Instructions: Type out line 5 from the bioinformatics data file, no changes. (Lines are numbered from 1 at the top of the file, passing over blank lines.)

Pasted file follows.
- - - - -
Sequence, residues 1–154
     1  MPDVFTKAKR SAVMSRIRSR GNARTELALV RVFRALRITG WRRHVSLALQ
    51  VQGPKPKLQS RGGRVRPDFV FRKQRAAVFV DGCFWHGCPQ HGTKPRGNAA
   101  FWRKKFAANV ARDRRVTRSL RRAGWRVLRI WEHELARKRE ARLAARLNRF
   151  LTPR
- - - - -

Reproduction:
   151  LTPR